3/24/21: Planting Words Of Strength With Children

So much time is spent in this space, educating abt traumas, stressors, past experiences that have impacted us.  We are all on this mission to get folks to think more globally abt: What happened TO that person?….instead of: What’s wrong w that person?

When we look at common traumas & stressors, there are so many life events that are common – bc being a human comes w challenges: sickness of loves ones, loss of loved ones, breakups/divorces, loss of friendships, etc. 

But the beyond the big events – there are things that are said or done TO us, that stick w us, from the time they happen. I’m sure you can remember a mean name a friend or classmate called you, that made you question things like your worth/value/looks/intelligence. Maybe the proverbial – “picked last in gym class all the time” still sticks w you…made you feel lesser than the others.

It’s amazing how these things can happen a single time, yrs ago, & yet the words & actions can stick w us.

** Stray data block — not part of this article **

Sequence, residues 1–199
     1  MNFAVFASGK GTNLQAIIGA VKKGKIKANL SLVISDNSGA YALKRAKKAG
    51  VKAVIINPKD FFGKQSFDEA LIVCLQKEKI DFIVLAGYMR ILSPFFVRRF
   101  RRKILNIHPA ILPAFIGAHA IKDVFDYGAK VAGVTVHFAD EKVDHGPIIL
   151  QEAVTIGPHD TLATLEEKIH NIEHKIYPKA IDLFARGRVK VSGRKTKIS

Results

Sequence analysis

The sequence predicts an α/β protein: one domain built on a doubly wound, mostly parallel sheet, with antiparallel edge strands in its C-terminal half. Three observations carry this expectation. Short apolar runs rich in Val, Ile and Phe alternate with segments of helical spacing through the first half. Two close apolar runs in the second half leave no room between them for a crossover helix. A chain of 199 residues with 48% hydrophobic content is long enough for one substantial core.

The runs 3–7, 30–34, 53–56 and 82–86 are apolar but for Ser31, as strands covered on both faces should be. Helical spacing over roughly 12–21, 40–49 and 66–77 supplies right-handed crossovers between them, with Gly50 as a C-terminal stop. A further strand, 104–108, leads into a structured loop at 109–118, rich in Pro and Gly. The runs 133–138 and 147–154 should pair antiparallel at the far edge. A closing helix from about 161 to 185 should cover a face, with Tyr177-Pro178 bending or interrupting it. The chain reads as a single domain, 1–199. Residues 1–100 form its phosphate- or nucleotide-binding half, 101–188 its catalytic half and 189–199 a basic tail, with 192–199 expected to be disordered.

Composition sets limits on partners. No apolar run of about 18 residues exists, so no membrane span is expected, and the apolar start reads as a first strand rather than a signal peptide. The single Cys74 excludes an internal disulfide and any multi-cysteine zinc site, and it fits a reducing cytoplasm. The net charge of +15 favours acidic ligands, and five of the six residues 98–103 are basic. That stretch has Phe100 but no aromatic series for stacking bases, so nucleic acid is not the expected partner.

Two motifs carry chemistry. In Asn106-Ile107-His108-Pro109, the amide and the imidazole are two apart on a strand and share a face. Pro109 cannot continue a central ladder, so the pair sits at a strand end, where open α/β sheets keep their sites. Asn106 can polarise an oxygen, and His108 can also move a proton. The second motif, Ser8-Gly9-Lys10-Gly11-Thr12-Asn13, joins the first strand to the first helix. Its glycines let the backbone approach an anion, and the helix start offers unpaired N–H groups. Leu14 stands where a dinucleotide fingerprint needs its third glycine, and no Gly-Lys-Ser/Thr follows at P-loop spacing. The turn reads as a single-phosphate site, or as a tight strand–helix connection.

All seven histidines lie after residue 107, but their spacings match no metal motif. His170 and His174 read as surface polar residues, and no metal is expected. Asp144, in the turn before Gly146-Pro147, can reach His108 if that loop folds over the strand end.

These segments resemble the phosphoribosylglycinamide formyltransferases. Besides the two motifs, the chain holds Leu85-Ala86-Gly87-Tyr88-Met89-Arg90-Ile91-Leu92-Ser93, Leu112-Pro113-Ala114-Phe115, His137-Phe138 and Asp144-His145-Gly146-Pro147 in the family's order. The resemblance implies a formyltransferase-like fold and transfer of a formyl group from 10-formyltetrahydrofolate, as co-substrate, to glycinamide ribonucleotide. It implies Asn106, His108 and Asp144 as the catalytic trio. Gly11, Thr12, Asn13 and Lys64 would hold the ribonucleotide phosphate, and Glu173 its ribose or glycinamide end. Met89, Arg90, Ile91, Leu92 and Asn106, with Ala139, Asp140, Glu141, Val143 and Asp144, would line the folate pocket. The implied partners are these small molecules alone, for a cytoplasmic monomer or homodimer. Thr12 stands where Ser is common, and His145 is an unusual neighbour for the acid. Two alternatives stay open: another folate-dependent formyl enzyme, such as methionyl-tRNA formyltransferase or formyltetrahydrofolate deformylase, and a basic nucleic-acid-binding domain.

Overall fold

But here’s the thing: so too can the positive “one-offs” that are shared w us as little kids. And it can come from randoms, or ppl as close as fam, & those words & actions can cement positive foundations of confidence.

Having a little time off this wk, I was able to think back to some things I hadn’t in a long time. One such question was: what gave me the strength to fight thru that 2.5 yrs of hell? What fortified me to want to start an initiative to help others.  Sure we each have certain “fabric” we’re born w, but what else helps?

Two particular comments came to me that have stuck w me. And they weren’t major at ALL.  But that I still remember them, shows the impact they’ve had. They’re even hyperbolic…but even then, they’ve helped me.

1) Was a comment a 5th grade teacher made in the hallway passing by me. She wasn’t even my teacher! Ms. Altman passed me & said: “Keep smiling that bright big smile. That smile will have the power to change the world one day.”

2) Was a comment I’ve heard from my grandma & mom numerous times when they haven’t been able to fix something (wires on a cable box, a latch on a piece of jewelry): “There’s nothing he can’t do.”

Now both of these lines are extremes. They’re generalities. As a human, I question the validity of them all the time, in being self critical. But they laid foundations of confidence that have stuck w me for a lifetime. We ALL have the power to do that for kids. We can compliment them on what we see in them that appears special & unique. Maybe you’ll be helping to lay the foundation that helps them push through all the challenges they face in life.

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